Morning sickness is nausea and vomiting that can actually occur at any time of the day during pregnancy.
Morning sickness is very common. Most pregnant women have at least some nausea, and about a third have vomiting.
Morning sickness usually begins during the first month of pregnancy and continues through the 14th to 16th week (3rd or 4th month). Some women have nausea and vomiting through their entire pregnancy.
Morning sickness does not hurt the baby in any way unless you lose weight, such as with severe vomiting. Mild weight loss during the first trimester is not uncommon when women have moderate symptoms, and is not harmful to the baby.
The amount of morning sickness during one pregnancy does not predict how you will feel in future pregnancies.
The exact cause of morning sickness is unknown. It may be caused by hormone changes or lower blood sugar during early pregnancy. Emotional stress, fatigue, traveling, or some foods can make the problem worse. Nausea in pregnancy is more common and can be worse with twins or triplets.
Try to keep a positive attitude. Remember that morning sickness usually stops after the first 3 or 4 months of pregnancy. To reduce nausea, try:
Here are some more tips:
Call your doctor if:
Your doctor will do a physical examination, including a pelvic exam, and look for any signs of dehydration.
Your doctor may ask the following questions:
Your doctor may do the following tests:
Nausea in the morning - females; Vomiting in the morning - females; Nausea during pregnancy; Pregnancy nausea; Pregnancy vomiting; Vomiting during pregnancy
Gordon MC. Maternal physiology. In: Gabbe SG, Niebyl JR, Simpson JL, eds. Obstetrics: Normal and Problem Pregnancies. 5th ed. Philadelphia, Pa: Elsevier Churchill Livingstone; 2007:chap 3.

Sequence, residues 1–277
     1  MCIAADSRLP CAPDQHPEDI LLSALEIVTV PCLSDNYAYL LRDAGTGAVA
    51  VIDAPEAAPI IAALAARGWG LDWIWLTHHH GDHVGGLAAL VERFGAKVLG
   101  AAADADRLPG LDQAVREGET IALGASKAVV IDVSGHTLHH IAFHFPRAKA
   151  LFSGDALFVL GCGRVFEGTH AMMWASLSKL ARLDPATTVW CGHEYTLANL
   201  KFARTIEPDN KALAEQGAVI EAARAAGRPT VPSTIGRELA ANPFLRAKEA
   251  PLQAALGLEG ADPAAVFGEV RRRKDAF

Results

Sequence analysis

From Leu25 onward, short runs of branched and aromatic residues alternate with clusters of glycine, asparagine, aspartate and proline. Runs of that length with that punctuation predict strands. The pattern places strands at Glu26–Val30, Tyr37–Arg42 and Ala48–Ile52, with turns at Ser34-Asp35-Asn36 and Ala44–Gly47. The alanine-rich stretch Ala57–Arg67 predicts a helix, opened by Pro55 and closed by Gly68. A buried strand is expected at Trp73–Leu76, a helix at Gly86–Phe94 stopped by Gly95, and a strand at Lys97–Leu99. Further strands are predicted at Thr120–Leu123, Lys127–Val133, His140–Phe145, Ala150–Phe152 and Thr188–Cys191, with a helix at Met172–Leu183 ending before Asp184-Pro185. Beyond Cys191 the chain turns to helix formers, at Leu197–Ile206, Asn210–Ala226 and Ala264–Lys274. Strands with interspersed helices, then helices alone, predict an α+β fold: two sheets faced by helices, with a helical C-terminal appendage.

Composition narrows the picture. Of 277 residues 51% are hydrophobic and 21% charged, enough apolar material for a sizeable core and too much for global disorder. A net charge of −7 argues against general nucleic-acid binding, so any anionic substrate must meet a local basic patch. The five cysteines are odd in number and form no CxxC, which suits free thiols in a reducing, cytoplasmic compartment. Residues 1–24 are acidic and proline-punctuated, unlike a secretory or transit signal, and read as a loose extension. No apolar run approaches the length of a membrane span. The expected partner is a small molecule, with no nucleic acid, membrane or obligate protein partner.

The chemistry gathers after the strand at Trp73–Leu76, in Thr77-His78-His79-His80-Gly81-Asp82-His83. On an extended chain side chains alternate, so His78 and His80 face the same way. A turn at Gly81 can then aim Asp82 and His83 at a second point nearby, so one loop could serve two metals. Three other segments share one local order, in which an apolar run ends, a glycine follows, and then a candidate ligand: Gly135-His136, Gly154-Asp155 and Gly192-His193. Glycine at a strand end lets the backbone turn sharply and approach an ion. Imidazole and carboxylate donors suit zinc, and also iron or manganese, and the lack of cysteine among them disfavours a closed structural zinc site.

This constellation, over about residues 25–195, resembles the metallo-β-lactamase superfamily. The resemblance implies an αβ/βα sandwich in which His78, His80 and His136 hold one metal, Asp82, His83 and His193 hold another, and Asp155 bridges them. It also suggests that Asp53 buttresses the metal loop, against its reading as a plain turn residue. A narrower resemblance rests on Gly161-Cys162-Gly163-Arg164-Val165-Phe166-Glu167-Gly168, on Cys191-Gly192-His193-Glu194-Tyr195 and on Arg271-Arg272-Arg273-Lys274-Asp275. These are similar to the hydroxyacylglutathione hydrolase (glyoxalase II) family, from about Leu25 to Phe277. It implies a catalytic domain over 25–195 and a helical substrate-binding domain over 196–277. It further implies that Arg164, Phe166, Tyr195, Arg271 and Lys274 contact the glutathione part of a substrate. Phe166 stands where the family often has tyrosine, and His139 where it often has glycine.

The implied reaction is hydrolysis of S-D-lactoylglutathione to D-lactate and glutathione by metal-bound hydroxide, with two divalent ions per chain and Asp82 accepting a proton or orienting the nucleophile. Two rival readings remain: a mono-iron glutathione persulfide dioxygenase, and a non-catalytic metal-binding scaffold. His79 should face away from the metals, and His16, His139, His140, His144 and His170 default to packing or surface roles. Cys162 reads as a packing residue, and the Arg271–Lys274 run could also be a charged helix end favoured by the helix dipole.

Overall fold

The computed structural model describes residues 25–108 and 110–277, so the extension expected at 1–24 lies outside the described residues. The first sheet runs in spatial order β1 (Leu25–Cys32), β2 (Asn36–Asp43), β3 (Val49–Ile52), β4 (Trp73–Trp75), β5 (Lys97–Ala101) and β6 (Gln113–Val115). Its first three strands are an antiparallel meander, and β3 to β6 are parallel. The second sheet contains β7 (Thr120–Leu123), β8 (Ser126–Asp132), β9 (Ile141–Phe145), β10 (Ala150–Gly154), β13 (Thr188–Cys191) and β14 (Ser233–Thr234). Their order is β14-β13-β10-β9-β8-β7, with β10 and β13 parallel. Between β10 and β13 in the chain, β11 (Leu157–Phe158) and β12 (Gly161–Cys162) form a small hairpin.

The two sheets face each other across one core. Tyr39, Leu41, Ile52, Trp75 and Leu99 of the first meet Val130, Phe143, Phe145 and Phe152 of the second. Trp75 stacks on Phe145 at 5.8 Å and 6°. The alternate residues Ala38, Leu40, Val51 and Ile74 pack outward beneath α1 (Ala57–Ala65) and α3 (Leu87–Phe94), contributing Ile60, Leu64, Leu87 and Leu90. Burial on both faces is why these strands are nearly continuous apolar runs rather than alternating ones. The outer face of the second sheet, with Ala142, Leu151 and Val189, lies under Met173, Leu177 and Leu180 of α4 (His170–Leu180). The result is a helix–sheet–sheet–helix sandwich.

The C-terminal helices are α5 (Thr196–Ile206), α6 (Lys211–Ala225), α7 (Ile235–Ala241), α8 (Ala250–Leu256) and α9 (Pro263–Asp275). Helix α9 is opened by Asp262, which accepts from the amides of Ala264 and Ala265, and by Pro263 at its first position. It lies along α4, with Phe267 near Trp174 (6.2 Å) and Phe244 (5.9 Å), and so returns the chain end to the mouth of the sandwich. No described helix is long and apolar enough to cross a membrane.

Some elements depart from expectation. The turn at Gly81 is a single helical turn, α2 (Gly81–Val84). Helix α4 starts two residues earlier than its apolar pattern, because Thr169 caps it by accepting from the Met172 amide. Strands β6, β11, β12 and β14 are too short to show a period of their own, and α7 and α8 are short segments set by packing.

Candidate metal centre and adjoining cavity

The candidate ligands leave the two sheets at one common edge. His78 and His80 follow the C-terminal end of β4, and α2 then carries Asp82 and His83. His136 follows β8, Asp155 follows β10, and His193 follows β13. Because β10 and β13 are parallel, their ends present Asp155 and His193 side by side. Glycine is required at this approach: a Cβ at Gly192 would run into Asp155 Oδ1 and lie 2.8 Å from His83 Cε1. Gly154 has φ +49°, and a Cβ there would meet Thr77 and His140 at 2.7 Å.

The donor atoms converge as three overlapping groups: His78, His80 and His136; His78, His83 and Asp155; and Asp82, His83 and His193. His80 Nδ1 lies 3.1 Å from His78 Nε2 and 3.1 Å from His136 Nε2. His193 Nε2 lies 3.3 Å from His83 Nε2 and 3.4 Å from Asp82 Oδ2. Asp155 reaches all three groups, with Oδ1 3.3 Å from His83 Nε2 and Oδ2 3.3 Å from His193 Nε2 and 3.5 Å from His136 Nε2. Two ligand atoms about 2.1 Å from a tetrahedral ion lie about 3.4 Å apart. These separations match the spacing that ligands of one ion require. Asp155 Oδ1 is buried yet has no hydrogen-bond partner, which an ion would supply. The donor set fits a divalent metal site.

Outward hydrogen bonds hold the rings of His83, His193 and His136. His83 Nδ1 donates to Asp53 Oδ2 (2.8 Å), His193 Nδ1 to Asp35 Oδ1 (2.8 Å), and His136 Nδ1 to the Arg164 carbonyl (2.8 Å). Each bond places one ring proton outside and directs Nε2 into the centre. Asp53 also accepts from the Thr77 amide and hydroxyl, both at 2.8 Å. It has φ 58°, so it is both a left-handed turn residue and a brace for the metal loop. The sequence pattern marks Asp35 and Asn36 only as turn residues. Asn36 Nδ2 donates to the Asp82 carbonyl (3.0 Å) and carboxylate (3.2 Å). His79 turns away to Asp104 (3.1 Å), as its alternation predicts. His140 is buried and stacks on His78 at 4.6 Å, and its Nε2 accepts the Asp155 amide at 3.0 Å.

Cunningham FG, Leveno KJ, Bloom SL, et al. Prenatal care. In: Cunningham FG, Leveno KL, Bloom SL, et al, eds. Williams Obstetrics. 23rd ed. New York, NY: McGraw-Hill; 2010:chap 8.
Matthews A, Dowswell T, Haas DM, Doyle M, O'Mathúna DP. Interventions for nausea and vomiting in early pregnancy. Cochrane Database Syst Rev. 2010;(9):CD007575.
Updated by: Melanie N. Smith, MD, PhD, Department of Obstetrics and Gynecology, Brigham and Women's Hospital, Boston, MA. Review provided by VeriMed Healthcare Network. Also reviewed by David Zieve, MD, MHA, Medical Director, A.D.A.M. Health Solutions, Ebix, Inc.
The information provided herein should not be used during any medical emergency or for the diagnosis or treatment of any medical condition. A licensed physician should be consulted for diagnosis and treatment of any and all medical conditions. Call 911 for all medical emergencies. Links to other sites are provided for information only -- they do not constitute endorsements of those other sites. Copyright 1997-2013, A.D.A.M., Inc. Duplication for commercial use must be authorized in writing by ADAM Health Solutions.